Tennis Passes Playoff Test

    Last Tuesday at UCSD’s Northview tennis courts, the Triton tennis team clashed with the Cal Poly Pomona Broncos in the first round of the NCAA Division II men’s West Regional Tennis Championship.

    David Pilz
    Guardian

    Playing under a threatening, gray sky for most of the match, the weather was not enough to cool off the red-hot Tritons, as they absolutely embarrassed the 12-10 Cal Poly by winning 5-0.

    It was clear from the get-go that the Tritons had come to win, as they sported the all american red, white and blue warmups and drowned out the Broncos’ pre-game cheer with their own raucous yells.

    Head coach Eric Steidlmeyer was understandably enthusiastic about his team’s performance.

    David Pilz
    Guardian

    “”To be honest, it was really a good performance by us,”” he said. “”We not only played good tennis, but on a big occasion, which was neat to see.””

    The Triton doubles teams, consisting of pairs Jeff Wilson and Cory Moderhak, Sameer Chopra and Michael Meyer, and Dan Albrecht and Everett Schroeter came up especially big for UCSD, setting the tone by winning all three doubles matches.

    Wilson and Moderhak beat Cal Poly’s J.R. Villaroman and A.J. Feliz 8-6, coming back from a 5-4 deficit by outrallying the Bronco duo and forcing the opponents to make errors.

    The No. 2 doubles match featured a marathon match between UCSD’s Chopra and Meyer against the Broncos’ Ryan Terry and Cassio Giometti. The teams traded leads throughout the match, until the end when they were forced to play a tie breaker. Trading points back and forth, the Tritons finally came out on top after a long net rally and a net ball by Cal Poly to win, 9-8 (8-6).

    “”[The match] was about an hour and a half, and so close,”” Steidlmeyer said. “”They actually had a match point against us. [Meyer] played really well; it was really neat to see.””

    Albrecht and Schroeter had a bit of an easier time with their opponents, Nguyen Than and David Nguyen. The two Tritons took the lead after being tied 2-2 and never relinquished it in their 8-5 win.

    The sweep by UCSD’s doubles teams was particularly key, as it required the Tritons to win only two of their singles matches to earn a victory.

    The Tritons’ No. 5 singles player Blake Wilson-Hayden did his part, embarrassing Cal Poly’s Feliz in straight sets, 6-0, 6-2.

    “”He played a great match, some of the best he’s played all year,”” Steidlmeyer praised.

    The other men’s singles victory was due to the racket of No. 6 singles player Schroeter, who readily dispatched Bronco Kevin Chen, also in straight sets, 6-1, 6-1.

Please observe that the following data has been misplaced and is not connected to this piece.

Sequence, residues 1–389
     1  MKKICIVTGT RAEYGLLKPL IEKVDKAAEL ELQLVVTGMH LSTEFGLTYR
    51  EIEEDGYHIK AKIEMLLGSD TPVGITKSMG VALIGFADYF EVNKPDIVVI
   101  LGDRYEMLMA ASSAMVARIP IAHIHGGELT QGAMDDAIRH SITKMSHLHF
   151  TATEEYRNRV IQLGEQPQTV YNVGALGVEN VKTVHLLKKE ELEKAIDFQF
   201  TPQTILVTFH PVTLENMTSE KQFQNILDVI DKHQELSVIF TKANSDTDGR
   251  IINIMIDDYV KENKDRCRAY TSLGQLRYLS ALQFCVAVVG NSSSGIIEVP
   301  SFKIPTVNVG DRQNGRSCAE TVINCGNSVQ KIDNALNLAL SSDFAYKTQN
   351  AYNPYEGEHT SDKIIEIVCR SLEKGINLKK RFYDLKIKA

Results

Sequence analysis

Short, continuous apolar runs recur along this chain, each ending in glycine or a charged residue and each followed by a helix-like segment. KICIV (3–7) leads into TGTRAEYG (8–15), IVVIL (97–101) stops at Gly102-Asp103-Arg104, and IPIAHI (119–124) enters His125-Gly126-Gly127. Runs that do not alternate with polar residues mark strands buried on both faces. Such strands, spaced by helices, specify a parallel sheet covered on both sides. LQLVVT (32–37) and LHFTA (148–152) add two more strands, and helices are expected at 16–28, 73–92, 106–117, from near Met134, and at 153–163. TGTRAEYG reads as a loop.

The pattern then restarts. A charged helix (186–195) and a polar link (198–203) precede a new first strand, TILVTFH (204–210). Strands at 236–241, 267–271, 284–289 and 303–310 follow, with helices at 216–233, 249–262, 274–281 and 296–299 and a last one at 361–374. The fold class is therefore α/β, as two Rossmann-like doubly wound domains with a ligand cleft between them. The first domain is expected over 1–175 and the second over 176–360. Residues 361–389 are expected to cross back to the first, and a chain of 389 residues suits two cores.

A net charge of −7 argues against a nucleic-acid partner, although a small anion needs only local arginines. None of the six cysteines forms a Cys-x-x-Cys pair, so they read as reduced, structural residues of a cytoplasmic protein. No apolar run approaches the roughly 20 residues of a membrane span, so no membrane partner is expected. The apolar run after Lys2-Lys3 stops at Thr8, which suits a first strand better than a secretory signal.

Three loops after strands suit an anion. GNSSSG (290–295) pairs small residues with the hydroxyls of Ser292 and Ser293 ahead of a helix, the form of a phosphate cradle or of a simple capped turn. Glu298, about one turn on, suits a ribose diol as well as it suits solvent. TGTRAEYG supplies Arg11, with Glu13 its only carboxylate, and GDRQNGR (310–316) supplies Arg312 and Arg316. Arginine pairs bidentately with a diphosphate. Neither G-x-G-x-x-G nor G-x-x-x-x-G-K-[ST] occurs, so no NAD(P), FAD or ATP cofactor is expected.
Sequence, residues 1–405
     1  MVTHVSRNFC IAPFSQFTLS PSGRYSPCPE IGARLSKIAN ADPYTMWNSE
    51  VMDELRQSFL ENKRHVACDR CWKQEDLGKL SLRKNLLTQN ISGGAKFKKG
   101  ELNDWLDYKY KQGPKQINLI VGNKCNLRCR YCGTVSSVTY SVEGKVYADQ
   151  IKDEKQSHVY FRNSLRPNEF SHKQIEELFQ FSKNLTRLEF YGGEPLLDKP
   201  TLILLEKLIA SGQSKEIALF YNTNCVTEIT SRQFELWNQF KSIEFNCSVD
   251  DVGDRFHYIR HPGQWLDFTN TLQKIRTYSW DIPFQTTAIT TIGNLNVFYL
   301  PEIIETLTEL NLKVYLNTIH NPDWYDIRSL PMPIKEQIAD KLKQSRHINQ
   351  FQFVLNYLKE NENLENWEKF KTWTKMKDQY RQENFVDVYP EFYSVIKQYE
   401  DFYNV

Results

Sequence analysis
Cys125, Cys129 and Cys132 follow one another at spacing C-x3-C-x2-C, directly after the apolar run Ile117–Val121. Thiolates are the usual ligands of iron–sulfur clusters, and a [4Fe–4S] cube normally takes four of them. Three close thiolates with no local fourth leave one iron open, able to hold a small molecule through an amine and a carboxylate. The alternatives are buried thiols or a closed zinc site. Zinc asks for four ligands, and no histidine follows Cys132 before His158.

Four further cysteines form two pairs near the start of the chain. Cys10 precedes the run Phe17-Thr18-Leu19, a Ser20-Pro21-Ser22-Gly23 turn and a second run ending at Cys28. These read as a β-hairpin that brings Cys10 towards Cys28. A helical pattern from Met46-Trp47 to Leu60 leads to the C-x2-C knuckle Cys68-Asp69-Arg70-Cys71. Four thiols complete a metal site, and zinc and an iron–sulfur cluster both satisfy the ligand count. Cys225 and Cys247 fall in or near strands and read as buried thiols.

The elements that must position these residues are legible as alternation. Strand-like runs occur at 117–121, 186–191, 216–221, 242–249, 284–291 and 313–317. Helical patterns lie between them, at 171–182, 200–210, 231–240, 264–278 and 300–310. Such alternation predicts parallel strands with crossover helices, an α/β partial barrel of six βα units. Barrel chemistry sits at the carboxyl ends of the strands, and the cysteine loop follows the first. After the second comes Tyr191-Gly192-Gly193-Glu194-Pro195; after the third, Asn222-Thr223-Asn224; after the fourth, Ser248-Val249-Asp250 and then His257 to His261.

“”Everett really picked up his game,”” Steidlmeyer said. “”He beat someone he had lost to earlier in the year.””

    The two victories by Everett and Wilson-Hayden rendered the other singles matches unnecessary, however both Wilson and Meyer had one-set leads over their opponents when the match was called.

    The win by the Tritons shows just exactly how far the team has come this season, as it had previously lost to Cal Poly on April 1, 4-5, and then squeaked by the Broncos just last week, 5-4.

    Steidlmeyer attributed this difference to a change in attitude by the team.

    “”I think the difference was the intensity and the focus from the first point, and that is what we have to learn to get better at,”” he said.

    With their victory on Tuesday, the Tritons will now advance to the second round of the West regional championship where they will go head-to-head against some stiff competition. The team will be leaving tomorrow to Laie, Hawaii to face Brigham Young University-Hawaii (27-2) on Friday.

    “”They are the No. 2 team in the nation in Division II, so they are going to be a handful,”” Steidlmeyer said.

    “”But if we continue to play like we did against Cal Poly, I think we have an excellent chance.””

    Steidlmeyer was reluctant to make a prediction as to the potential of the team this year or next year.

    “”Our goal for this year was to make NCAA playoffs in our first year in Division II. Then we said we would reassess our goals, which is what we’re doing right now,”” he said. “”[Next year] we expect most of our players to come back as better players. When each player gets a little bit better, then the entire team gets better.””

    With this strong tennis team losing only one player, senior Cory Moderhak, to graduation, you can bet that when the UCSD men’s tennis team does reconvene, its goals will include a lot more than just making the playoffs.

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